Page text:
The Sweet Side of Louisiana: Iberia Parish
Visitors to Iberia Parish in September will not only get to experience the beauty of the Teche Valley, but also the celebration of the sugarcane crop, one of Louisiana's most important agricultural commodities.
The 75th Sugarcane Festival will be held September 21-25 and centered on historic W. Main Street--the most beautiful street in America--and Bouligny Plaza. The midway and carnival rides open the 21st at the corner of Sucrose Drive--great name!--and Center Street.
The entire festival is an old-fashioned country fair, complete with a 4-H livestock show and cooking contests. The big parade honoring King Sucrose LXXV and Queen Sugar LXXV is also a farming affair, as the parade floats are pulled by sugar cane tractors that were cutting cane the day before.
At the Shadows on the Teche, New Iberia's downtown plantation home, the tours will feature the yearly cycle of Louisiana's sugarcane crop. Continuing in the agricultural vein, visitors should tour Konriko Conrad Rice Mill, America's oldest rice mill. Farm tours can also be arranged by calling Gonsoulin Land and Cattle Company at (337) 577-9160.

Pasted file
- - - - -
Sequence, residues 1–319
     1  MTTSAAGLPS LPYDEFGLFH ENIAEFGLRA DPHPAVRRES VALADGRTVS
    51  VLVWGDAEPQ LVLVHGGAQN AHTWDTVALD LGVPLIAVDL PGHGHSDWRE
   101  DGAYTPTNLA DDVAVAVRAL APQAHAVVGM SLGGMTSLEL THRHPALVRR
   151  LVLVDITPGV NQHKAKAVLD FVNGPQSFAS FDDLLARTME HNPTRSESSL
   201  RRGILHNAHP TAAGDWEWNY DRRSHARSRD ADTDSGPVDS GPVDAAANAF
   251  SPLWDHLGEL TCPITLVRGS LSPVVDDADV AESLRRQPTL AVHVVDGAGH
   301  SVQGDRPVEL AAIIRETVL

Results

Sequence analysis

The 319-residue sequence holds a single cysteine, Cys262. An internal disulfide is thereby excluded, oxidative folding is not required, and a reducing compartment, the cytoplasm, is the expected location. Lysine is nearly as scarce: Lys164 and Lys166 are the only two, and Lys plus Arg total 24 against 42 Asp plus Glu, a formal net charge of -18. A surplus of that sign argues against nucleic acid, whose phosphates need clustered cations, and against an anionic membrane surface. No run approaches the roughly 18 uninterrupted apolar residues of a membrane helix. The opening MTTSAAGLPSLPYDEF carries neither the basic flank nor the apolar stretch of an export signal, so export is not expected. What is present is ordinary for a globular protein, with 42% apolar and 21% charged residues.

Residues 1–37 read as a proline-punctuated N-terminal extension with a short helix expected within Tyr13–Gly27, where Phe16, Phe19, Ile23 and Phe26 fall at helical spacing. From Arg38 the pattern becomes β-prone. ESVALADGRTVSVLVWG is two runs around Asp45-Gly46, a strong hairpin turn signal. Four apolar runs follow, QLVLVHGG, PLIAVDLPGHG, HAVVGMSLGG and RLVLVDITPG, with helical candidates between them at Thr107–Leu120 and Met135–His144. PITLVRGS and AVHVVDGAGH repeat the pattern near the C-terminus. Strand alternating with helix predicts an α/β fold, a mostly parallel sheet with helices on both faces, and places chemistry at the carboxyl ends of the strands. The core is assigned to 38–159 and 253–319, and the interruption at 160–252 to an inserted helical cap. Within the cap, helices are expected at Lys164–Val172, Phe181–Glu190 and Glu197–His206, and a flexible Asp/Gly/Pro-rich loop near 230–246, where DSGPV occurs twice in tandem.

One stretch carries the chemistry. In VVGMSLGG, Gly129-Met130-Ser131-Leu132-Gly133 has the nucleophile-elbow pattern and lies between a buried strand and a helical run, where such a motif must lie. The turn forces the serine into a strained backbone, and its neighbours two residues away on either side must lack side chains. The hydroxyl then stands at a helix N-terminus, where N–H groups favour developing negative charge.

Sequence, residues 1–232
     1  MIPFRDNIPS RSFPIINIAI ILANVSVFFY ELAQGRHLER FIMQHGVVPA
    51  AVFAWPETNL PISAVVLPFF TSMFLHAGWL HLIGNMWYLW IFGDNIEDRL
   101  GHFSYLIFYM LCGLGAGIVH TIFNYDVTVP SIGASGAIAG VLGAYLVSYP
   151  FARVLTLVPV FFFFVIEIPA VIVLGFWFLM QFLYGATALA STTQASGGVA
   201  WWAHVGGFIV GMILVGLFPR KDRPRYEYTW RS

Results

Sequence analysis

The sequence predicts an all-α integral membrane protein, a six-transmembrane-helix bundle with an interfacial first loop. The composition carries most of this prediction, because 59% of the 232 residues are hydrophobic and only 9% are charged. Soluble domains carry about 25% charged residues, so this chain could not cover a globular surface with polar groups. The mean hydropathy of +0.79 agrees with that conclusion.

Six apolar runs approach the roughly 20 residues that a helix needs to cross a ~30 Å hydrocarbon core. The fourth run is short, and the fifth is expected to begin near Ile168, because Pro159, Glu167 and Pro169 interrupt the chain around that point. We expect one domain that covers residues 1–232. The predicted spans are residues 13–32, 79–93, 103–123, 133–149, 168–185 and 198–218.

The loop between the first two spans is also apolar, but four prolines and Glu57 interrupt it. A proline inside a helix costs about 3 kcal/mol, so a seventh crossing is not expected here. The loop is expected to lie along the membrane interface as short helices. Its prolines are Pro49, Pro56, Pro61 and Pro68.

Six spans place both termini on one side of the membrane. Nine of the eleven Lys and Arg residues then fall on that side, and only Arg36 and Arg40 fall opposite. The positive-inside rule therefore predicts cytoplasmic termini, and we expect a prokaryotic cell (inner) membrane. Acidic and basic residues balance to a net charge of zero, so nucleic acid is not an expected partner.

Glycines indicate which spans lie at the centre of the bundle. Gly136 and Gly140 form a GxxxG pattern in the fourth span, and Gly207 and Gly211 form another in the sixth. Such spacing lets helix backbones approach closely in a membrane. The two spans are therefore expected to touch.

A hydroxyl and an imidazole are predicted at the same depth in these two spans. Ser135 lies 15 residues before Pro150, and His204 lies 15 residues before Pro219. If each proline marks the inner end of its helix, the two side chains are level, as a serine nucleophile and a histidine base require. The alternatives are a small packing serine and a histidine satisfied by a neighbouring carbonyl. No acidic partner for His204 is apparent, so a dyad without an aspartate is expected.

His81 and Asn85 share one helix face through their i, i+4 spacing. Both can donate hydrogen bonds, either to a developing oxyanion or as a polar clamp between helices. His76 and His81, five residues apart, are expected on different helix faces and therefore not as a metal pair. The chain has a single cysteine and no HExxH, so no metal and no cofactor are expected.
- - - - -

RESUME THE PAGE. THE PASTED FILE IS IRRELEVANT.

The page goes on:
Literature lovers will also recognize New Iberia as the home of author James Lee Burke's hard luck detective Dave Robichaux. They'll also know that Victor's Cafeteria on Main Street is Detective Robichaux's choice for a stomach-busting hamburger steak, and Clementine's is the old Provost's Bar--the honky tonk where Burke's literary characters hang out. You can even find autographed copies of Burke's work at Books Along the Teche, the best little bookstore in America.
Plan a day trip down to Avery Island to visit the 170-acre Jungle Gardens and the Tabasco Country Store. The Tabasco experience will take you on a spicy jaunt through the Tabasco Museum. the greenhouse, the pepper barrel warehouse, and the factory where the famous hot sauce is bottled.
New Iberia is known as Louisiana's Queen City. After you experience the enchantment of the Bayou Teche, you'll understand why.
Sam Irwin is a freelance journalist who lives in Baton Rouge with his wife, Betty.